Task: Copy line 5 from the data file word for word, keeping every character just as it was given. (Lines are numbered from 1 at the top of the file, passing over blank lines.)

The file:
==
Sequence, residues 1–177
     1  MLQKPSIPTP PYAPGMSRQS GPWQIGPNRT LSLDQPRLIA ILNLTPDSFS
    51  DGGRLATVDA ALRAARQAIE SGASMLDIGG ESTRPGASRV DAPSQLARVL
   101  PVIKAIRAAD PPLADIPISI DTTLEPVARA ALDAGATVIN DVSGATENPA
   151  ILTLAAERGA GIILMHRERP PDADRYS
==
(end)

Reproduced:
   151  ILTLAAERGA GIILMHRERP PDADRYS